Onthe other hand, explicit alcohol attitudes state the importance of value,attitude and expectancy in associating an individual engaging in an alcoholicbehaviour (Pieters et al.,2010). The explicit alcohol attitudes acknowledge thepersonal experiences towards alcohol consumption and their motives to drink(Pieters et al.,2010).Explicit alcohol attitudes are made intentionally,accessed consciously under the individual’s cognitive control(Pieters etal.,2010).

These differ compared to implicit alcohol attitudes which argue thatbehaviour is a result of automatic responses in the brain. The use of implicitattitudes on top of the social reaction pathway revealed insights into alcoholrelated cognition that differ to explicit measures which involveself-representation among individuals and thoughtful responses compared to moreimpulsive initial reactions in implicit measures (Payne & Lee, 2017). Implicit attitudes measures havebeen found to be less susceptible to bias as they measure the strength ofunconscious association that are not easily spontaneous (Frings et al., 2016).In the current study, they found that among university students,implicit alcohol attitudes added to the prediction of behaviour, abovewillingness and intention (Davies et al., 2017).

University students, regardlessof drinking experience were frequently exposed to alcohol as part of universityculture (Webb, Ashton, Kelly, & Kamali, 1996). This would therefore explainwhy implicit alcohol attitudes among university students added to the predictionof behaviour compared to school pupils. Intention was associated with highlevels of drunkenness for university students compared to school pupils (Davies et al., 2017). In addition, work by Daviset al., 2017 found that that willingness and not intention was a factor inpredicting behaviour among school pupils engaging in risking scenarios.

Similarresults were found the previous year by Davis et al., 2016 who showed that amongyoung adolescents, willingness was higher than intention but among olderadolescents and young adults, intention was stronger as the experience ofdrinking increases. In line with the ‘Prototype Willingness Model’, the study byDavies et al 2017 showed that in adolescents, willingness was a strong reasonfor engaging in risky behaviour such as drinking and for young adults, drinkingwas associated with experience and intention. For adolescents, drinking alcoholis not their intention but their willingness to take a risk that determinestheir behaviour whereas this differs for young adults since drinking isintentional in driving them to a behaviour (Gibbons et al., 1998). Therefore, interventionsaimed at reducing alcohol consumption should be able to distinguish the twomain reasons:  willingness foradolescents and intention university students in engaging in drinking.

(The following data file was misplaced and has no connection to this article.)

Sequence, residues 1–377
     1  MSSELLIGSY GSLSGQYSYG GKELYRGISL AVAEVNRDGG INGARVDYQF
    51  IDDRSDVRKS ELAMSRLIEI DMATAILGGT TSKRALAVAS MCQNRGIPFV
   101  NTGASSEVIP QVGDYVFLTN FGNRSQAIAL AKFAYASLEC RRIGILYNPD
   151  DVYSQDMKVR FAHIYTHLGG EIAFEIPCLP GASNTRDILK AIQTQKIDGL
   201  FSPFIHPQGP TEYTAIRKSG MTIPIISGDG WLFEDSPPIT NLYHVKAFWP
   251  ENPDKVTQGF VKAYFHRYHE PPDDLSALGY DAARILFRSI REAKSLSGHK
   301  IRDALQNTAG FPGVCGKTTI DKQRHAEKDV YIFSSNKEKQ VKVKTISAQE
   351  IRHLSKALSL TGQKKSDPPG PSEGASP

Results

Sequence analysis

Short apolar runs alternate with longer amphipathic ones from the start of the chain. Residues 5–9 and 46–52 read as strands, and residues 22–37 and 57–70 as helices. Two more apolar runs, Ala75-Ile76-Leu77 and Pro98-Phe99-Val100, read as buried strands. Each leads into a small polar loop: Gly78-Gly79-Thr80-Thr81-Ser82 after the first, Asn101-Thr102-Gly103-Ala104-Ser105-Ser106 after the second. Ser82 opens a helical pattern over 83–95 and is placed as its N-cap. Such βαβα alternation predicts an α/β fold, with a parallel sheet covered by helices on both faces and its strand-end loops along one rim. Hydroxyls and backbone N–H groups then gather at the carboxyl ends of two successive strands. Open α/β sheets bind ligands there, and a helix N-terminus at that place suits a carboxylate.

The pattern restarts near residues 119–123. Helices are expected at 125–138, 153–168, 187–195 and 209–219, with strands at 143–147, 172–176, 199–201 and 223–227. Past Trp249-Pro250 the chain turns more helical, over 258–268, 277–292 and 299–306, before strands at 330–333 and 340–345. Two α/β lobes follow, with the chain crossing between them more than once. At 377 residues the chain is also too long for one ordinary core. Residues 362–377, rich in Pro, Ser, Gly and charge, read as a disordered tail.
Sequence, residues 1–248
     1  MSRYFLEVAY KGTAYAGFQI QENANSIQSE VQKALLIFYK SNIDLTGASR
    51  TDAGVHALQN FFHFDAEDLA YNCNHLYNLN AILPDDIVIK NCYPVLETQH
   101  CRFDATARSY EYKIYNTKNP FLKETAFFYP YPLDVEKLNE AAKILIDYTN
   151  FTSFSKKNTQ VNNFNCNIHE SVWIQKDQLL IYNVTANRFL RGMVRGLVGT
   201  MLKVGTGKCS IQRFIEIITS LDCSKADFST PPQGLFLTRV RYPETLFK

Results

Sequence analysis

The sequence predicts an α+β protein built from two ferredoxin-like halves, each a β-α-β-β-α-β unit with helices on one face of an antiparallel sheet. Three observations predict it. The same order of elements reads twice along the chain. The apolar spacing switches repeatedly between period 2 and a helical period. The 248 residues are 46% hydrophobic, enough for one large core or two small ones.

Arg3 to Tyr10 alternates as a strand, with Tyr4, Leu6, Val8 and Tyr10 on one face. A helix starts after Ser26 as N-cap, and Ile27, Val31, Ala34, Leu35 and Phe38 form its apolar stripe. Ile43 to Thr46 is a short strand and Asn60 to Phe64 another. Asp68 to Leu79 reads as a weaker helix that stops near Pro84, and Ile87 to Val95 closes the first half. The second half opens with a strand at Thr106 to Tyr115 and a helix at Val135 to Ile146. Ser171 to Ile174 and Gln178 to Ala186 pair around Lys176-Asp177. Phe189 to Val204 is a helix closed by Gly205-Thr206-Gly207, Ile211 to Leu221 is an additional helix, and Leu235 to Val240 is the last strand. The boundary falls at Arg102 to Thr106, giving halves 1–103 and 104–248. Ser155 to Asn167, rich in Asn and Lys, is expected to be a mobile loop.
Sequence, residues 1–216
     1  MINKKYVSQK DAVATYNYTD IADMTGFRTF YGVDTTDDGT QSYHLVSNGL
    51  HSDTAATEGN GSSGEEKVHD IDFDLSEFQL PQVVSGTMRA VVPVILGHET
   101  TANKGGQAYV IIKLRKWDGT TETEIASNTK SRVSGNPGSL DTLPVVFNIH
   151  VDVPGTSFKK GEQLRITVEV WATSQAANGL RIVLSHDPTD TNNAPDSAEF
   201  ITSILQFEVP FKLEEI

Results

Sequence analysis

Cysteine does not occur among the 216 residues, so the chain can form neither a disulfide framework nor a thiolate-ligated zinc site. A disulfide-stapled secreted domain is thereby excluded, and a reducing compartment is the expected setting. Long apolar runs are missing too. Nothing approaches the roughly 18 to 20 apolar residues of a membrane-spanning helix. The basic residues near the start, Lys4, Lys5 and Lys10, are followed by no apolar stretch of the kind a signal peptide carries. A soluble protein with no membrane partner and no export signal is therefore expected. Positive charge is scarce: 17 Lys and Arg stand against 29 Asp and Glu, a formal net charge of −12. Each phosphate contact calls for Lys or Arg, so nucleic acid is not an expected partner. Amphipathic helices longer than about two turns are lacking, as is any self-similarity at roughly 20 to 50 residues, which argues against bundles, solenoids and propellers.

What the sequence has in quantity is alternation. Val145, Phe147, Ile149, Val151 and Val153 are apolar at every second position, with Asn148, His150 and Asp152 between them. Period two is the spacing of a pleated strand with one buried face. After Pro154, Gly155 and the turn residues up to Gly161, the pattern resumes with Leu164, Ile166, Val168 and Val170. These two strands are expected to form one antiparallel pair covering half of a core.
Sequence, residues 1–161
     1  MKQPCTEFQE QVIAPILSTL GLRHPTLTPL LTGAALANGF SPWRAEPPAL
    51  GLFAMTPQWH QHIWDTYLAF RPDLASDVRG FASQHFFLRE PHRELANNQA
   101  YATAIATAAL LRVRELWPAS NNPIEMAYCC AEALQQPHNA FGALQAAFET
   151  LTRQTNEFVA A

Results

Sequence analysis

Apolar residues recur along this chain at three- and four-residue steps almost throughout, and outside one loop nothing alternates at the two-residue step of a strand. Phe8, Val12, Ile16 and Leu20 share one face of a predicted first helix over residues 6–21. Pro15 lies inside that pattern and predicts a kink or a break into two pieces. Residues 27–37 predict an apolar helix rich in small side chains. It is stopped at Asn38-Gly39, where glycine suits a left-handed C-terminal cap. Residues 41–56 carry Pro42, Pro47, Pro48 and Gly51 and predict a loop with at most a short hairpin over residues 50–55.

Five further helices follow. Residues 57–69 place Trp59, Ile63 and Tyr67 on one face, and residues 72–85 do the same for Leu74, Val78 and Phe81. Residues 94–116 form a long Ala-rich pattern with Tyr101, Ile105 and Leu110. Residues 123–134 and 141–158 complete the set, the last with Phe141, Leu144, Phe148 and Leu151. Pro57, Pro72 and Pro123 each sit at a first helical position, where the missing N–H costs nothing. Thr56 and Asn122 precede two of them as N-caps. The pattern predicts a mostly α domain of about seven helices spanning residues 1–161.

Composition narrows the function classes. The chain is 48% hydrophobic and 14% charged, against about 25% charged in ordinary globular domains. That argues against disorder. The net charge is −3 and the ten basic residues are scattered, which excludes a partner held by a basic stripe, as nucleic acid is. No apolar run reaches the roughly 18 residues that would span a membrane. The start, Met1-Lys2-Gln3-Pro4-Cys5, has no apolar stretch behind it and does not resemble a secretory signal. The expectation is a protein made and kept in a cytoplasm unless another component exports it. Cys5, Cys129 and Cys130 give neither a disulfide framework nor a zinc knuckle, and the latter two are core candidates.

Theyshould focus on the two groups separately and thus come up with differentinterventions. Moreover, being able to understand when and why young peoplestart drinking alcohol is a continual important psychological and public healthproblem (Davies et al., 2016).The work by Davis et al.

, 2017 was insightful because itshowed that the implicit alcohol attitudes alongside the social pathway can be usedas intervention in reducing alcohol consumption in young people. Implicitalcohol attitudes are able to capture experiences of those with previous knowledgeof drinking and their associations with drinking alongside the Prototype WillingnessModel used to predict behaviour (Thush & Wiers, 2007). Positive implicit attitudeswere associated with higher levels of drunkenness for university studentscompared to lower levels of drunkenness among pupils (Davies et al.,2017).However, the current study by Davies et al., 2017 can be criticised for notrecognising the importance of explicit alcohol attitudes in terms of why anindividual might engage in risk behaviour such as drinking. Notwithstanding those ?ndings,implicit attitudes are suggested to play an importantrole in guiding alcohol consumption(Houben & Wiers, 2008; Payne, Govorun, , 2008; Thush & Wiers,2007).